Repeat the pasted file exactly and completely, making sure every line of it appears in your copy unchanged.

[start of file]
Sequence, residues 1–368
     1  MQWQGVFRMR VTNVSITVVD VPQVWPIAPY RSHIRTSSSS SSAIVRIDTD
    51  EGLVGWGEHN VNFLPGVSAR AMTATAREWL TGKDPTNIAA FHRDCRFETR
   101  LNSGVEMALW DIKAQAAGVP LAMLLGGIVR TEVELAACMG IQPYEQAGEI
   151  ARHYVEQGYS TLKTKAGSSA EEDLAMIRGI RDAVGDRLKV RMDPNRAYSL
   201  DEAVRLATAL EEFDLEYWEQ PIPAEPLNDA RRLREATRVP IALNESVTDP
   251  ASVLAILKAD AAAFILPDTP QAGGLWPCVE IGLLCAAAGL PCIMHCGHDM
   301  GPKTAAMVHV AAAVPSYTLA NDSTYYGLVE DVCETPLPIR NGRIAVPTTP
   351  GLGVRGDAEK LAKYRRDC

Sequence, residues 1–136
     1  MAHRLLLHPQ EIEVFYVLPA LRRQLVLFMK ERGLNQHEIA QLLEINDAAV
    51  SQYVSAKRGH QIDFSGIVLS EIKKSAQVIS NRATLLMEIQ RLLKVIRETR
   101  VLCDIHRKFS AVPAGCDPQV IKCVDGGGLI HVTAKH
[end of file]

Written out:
Sequence, residues 1–368
     1  MQWQGVFRMR VTNVSITVVD VPQVWPIAPY RSHIRTSSSS SSAIVRIDTD
    51  EGLVGWGEHN VNFLPGVSAR AMTATAREWL TGKDPTNIAA FHRDCRFETR
   101  LNSGVEMALW DIKAQAAGVP LAMLLGGIVR TEVELAACMG IQPYEQAGEI
   151  ARHYVEQGYS TLKTKAGSSA EEDLAMIRGI RDAVGDRLKV RMDPNRAYSL
   201  DEAVRLATAL EEFDLEYWEQ PIPAEPLNDA RRLREATRVP IALNESVTDP
   251  ASVLAILKAD AAAFILPDTP QAGGLWPCVE IGLLCAAAGL PCIMHCGHDM
   301  GPKTAAMVHV AAAVPSYTLA NDSTYYGLVE DVCETPLPIR NGRIAVPTTP
   351  GLGVRGDAEK LAKYRRDC

Sequence, residues 1–136
     1  MAHRLLLHPQ EIEVFYVLPA LRRQLVLFMK ERGLNQHEIA QLLEINDAAV
    51  SQYVSAKRGH QIDFSGIVLS EIKKSAQVIS NRATLLMEIQ RLLKVIRETR
   101  VLCDIHRKFS AVPAGCDPQV IKCVDGGGLI HVTAKH